Ever since the Mumbai terrorist attacks last November, India has asserted that Pakistani nationals inside Pakistan were part of the conspiracy to murder and wreak havoc among the population of Mumbai. Pakistan at first denied any connection, then acknowledged that there might be a few Pakistani “rogue elements” who conspired with the attackers. As the weeks wore on, deeper and deeper connections between Pakistan and the Mumbai terrorists were ferreted out and exposed in the Indian press.
Now India has identified two members of Pakistan’s army as conspirators in the case. According to Asia News:
India Says Two Pakistani Officers Among Mumbai Terrorist
Investigators present a list of 37 people involved in last November’s attacks; it includes Indian and Pakistani nationals. Trial should take several months. The 11,000-page charge sheet contains accounts by more than 2,200 witnesses.
Mumbai (AsiaNews/Agencies) — Two members of Pakistan’s military are among the organisers of the Mumbai attack. Special Public Prosecutor Ujjwal Nikam presented a list of 37 people charged with planning and abetting last November’s attacks in Mumbai that killed 179 people in India’s financial hub. Indians and Pakistanis are one list that already included Mohammed Ajmal Kasab, the only attacker captured by Indian security forces during the attack.
The names and rank of the two Pakistan army officials mentioned were not given, but Rakesh Maria, chief Indian investigator in the case, said they took part in training the gunmen.
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Those charged as key planners of the attacks included Hafiz Mohammad Saeed, founder of the Indian wing of the militant Islamist Lashkar-e-Taiba (LET) group, and senior Lashkar members Zaki-ur-Rehman Lakhvi and Zarar Shah.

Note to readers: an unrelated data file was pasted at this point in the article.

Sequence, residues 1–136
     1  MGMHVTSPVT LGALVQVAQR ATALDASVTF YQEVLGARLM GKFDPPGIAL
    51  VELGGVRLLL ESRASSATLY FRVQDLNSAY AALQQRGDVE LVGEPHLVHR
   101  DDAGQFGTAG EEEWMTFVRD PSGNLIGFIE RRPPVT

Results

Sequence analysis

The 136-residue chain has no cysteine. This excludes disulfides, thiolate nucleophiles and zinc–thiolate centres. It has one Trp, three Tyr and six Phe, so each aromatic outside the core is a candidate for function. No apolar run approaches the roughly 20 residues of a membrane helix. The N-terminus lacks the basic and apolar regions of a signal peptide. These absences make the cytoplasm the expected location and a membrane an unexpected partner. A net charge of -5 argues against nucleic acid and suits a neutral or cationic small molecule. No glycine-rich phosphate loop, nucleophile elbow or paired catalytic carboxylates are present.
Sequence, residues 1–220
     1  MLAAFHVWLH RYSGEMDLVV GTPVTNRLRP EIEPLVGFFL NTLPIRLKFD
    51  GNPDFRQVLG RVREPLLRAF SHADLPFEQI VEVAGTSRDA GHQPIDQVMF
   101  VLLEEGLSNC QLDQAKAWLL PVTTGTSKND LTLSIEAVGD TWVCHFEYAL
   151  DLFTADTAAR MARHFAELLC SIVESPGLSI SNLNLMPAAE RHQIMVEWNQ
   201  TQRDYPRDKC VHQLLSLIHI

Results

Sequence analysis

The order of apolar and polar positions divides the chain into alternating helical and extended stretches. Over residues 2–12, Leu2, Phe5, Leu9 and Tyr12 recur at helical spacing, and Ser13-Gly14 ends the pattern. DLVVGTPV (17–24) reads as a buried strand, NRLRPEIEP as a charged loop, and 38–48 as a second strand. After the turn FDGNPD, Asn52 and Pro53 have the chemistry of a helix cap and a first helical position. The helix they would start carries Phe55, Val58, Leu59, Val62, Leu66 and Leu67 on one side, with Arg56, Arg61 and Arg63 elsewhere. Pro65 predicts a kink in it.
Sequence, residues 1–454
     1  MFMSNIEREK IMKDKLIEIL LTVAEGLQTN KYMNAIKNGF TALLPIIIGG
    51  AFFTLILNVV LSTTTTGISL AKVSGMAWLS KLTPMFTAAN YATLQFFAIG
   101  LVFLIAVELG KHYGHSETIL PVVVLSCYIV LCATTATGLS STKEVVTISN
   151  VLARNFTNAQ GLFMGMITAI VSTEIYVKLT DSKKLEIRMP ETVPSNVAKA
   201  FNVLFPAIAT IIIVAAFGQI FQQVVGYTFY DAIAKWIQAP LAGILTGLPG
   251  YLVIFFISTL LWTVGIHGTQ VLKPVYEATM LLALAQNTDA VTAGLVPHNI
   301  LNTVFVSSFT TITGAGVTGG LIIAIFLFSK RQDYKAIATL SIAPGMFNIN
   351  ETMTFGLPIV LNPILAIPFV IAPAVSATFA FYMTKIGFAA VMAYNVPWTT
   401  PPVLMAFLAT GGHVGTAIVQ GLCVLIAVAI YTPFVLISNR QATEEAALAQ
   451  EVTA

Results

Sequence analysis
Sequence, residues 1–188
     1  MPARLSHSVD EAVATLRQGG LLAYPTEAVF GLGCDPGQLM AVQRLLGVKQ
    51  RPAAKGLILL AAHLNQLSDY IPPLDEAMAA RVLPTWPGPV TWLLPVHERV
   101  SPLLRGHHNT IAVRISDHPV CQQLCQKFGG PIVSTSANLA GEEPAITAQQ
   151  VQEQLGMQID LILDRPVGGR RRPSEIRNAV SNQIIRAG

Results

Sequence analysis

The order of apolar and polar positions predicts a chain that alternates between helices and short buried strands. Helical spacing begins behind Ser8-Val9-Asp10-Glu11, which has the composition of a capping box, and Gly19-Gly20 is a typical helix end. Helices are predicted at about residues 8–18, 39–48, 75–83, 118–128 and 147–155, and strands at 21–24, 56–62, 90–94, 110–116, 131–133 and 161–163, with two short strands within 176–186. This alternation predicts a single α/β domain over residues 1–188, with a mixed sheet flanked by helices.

All three are accused of masterminding the attacks.
Looking beyond Mumbai to the rest of India, a recently-released report points the finger at foreign nations that are contributing arms to domestic insurgencies within India. When the Indian government refers to the nefarious activities of “foreign nations”, it’s generally understood that Pakistan heads the list, although others such as China may also be involved.
According to AKI:
India: Report Claims ‘Foreign Nations’ Fuelling Insurgency
New Delhi, 25 Feb. (AKI/Asian Age) — A report claims that insurgency in India is being fuelled by foreign countries, mostly developed nations, who are supplying high-end arms and ammunition to Maoists and insurgents operating in nearly a dozen states in India
Insurgents no longer depend on country-made guns and pistols and have to their disposal US-made carbines, Russian made AK assault rifles, Israeli guns and Chinese pistols which are frequently being used against security forces, according to latest inputs given by security agencies to the Indian home ministry.
The recovery of arms by security forces in 2008 has doubled from the previous year, posing a fresh security concern for security agencies grappling with left-wing extremism.
Russian-made guns are the most popular among insurgents, says the report, while Pakistan-made Pika guns, China-made pistols, as well as Belgium and US-made guns top the list of arms frequently being used by militants against Indian security forces in insurgency-hit Jammu and Kashmir.
The report says that Indian security forces seized 1714 arms from militants in 2008, double from the previous year.
Indicating a steep rise in Maoist activities in Orissa over the last two years, security forces recovered the highest 1040 arms in 2008 as compared to only 27 arms in 2007.
The report reveals that Maoists in Chattisgarh are also manufacturing arms locally, which include guns, bomb projector, pipe guns, mortar shells and revolvers.
Now that Islamabad has ceded formal control of the Swat valley to the Taliban, the subcontinent is teetering on the brink of a new — potentially nuclear — crisis. Two heavily-populated countries having nuclear weapons are facing off across a common border. In one of them there is a real possibility that Islamic fundamentalists will not just infiltrate the government, but seize control of it.
The government of Pakistan has very little room to maneuver. On one side it has the Taliban within a hundred miles of the capital, riding a wave of popular discontent and violence. On the other side is the government of India, pressing ever more strongly for an accounting of Pakistan’s involvement with Islamic terrorism inside India.
This situation is unstable. It cannot last. Something has to give.
Hat tip: C. Cantoni.